During his many years as an athlete and coach, air travel has generally agreed with Bud Grant, including his time with the Gophers, the old Minneapolis Lakers, the Philadelphia Eagles, the Winnipeg Blue Bombers and the Vikings.
It took a duck-hunting trip in Canada to break that string of good luck.
The other day, while holding forth on his favorite post-NFL topic — the plight of North American ducks — the retired Vikings coach mentioned casually that he and a friend crash-landed a plane in Canada this fall while in pursuit of mallards and other fowl.
And yes, the hunting trip continued unabated — albeit in a U-Haul truck.
The incident occurred Oct. 17. Grant, who is 88, and his pilot pal, Jim Hanson, of Albert Lea, belly-flopped a twin-engine Beechcraft to a screeching stop a couple hours short of their destination in Kindersley, Saskatchewan.
On impact, the plane’s propellers shredded, showering sparks. Boom, Grant’s Labrador retriever, the third passenger aboard, seemed simultaneously afoot and aloft as the plane careened to a stop.
“The fire trucks came first,” Grant said. “Then the security people. They seemed to think we might be terrorists.”
A few hours earlier, Grant and Hanson had lifted off into a clear sky from Flying Cloud Airport in Eden Prairie.
The two have traveled together to hunt for many years, from Texas to the far north, with Hanson, a member of the Minnesota Aviation Hall of Fame and the manager of the Albert Lea Airport, at the controls.
Hanson has piloted single-engine aircraft to nearly 80 countries. He first soloed at age 16, and owned a plane a year later, before he owned a car.
Parts shred like shrapnel
That day in October, as Grant and Hanson approached Regina, Sask., the sky was blue and the wind scant. The two planned to clear Canadian customs and take on fuel in Regina before flying on to Kindersley.
Approved to land, Hanson dropped the plane’s wheels, and with Grant, watched as a dashboard indicator confirmed “wheels down.”
Hanson drifted the sleek craft lower and lower … until at 100-miles-an-hour-plus, metal grated deafeningly against asphalt. Aircraft parts sprayed like shrapnel, rendering the sleek craft to junk in split seconds.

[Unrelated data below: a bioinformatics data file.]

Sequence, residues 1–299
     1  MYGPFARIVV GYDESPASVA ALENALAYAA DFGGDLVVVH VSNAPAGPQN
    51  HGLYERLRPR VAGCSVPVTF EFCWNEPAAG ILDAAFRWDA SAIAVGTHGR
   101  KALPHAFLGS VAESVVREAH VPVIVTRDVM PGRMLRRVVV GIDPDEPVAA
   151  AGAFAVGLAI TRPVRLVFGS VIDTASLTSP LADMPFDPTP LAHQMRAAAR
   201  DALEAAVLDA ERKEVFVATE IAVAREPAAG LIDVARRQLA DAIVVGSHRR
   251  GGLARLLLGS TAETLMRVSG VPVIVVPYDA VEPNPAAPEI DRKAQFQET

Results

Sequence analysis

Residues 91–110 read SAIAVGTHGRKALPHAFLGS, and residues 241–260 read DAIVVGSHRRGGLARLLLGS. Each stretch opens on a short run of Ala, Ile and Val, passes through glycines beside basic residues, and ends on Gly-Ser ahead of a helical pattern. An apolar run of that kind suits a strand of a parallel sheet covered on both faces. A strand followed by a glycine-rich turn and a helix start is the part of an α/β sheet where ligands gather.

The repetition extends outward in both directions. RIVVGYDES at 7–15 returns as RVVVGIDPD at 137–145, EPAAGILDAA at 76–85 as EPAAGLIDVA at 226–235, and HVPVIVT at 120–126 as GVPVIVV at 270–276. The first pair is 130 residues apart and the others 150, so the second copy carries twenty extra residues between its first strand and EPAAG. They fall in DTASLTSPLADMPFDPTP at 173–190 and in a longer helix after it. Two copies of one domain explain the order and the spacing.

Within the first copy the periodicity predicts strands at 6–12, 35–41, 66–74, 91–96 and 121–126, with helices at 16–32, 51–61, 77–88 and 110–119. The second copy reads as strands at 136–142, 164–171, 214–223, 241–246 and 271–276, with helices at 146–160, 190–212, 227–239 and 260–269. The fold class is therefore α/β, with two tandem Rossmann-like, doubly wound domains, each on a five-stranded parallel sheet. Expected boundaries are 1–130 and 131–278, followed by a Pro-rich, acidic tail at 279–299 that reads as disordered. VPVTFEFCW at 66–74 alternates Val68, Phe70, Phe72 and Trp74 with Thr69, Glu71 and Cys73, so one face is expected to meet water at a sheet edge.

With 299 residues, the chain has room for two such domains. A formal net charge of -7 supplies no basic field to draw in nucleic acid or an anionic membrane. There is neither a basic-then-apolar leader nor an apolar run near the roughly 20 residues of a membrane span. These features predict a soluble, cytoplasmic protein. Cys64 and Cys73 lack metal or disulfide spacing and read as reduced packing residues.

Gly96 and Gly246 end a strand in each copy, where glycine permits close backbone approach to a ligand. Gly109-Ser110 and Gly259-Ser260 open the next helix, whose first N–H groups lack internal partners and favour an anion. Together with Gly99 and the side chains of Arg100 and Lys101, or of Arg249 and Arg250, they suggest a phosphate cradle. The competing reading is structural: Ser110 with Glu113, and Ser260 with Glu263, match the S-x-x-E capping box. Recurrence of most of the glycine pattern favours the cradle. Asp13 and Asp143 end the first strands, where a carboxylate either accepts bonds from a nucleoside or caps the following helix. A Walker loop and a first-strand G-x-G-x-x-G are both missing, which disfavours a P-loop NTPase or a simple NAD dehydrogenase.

“The dashboard indicators failed,” Grant said. “Something in the landing gear was broken. The indicators said the wheels went down. But they didn’t.”
The twin Beech typically uses about 1,200 feet of airstrip when landing. Grant, Hanson and Boom stopped dead in about 300 feet.
But they weren’t dead.
And they weren’t on fire.
“The fire trucks were there in about a minute and a half,” Grant said. “We were still in the plane.”
If the aircraft had landed wheels-up on grass or dirt, it might have dug in and flipped over, imperiling Grant and Hanson.
Instead, on the main runway at Regina International Airport, the plane remained upright.
The October incident was not the first close call in Grant’s flying career.
Once, after playing in an all-star game in Canada, he was booked on a flight from Vancouver back to Winnipeg. Opting to return earlier in the day, he changed the flight. The original flight subsequently crashed, killing everyone on board.
And in his last years as Vikings coach, he and some friends were on takeoff one summer from Seattle in a private jet, on their way back from an Alaskan fishing trip, when the nose wheel malfunctioned and the aircraft veered off the runway.
“I’ve been lucky,” Grant said.
The dog rides in comfort
But not so lucky in Regina, when he and Hanson tried to rent a vehicle to continue their hunting trip and then return home.
“No one would rent us a car we could drop off [back] in Minnesota,” Grant said. “Finally, we tried U-Haul. They said they’d rent us a truck. You know, for moving furniture.”
So it was that Hanson and Grant arrived in Regina by winged craft and left in an orange and white lorry, shotguns at their side. In the back lay Boom, the only cargo, splayed on a bed of furniture pads.
“We got to Kindersley about midnight and got up at 4:30 to hunt with my good friend Bill Ziegler from the Twin Cities,” Grant said. “But there weren’t many ducks. Not like it used to be.”
“Wildlife officials who say there are a record number of ducks on the continent don’t know what they’re talking about.”
On the 1,000-mile return journey to Minnesota, Grant and Hanson split driving duties. When they crossed into North Dakota from Canada, a U.S. Customs agent recognized Grant.
“What were you doing in Canada?” the agent asked.
“Duck hunting,” Grant said.
The agent looked at the truck.
“You must have gotten a lot of ducks.”
“Not really,” Grant said. “Don’t believe anyone who says we’ve got a record number of ducks.”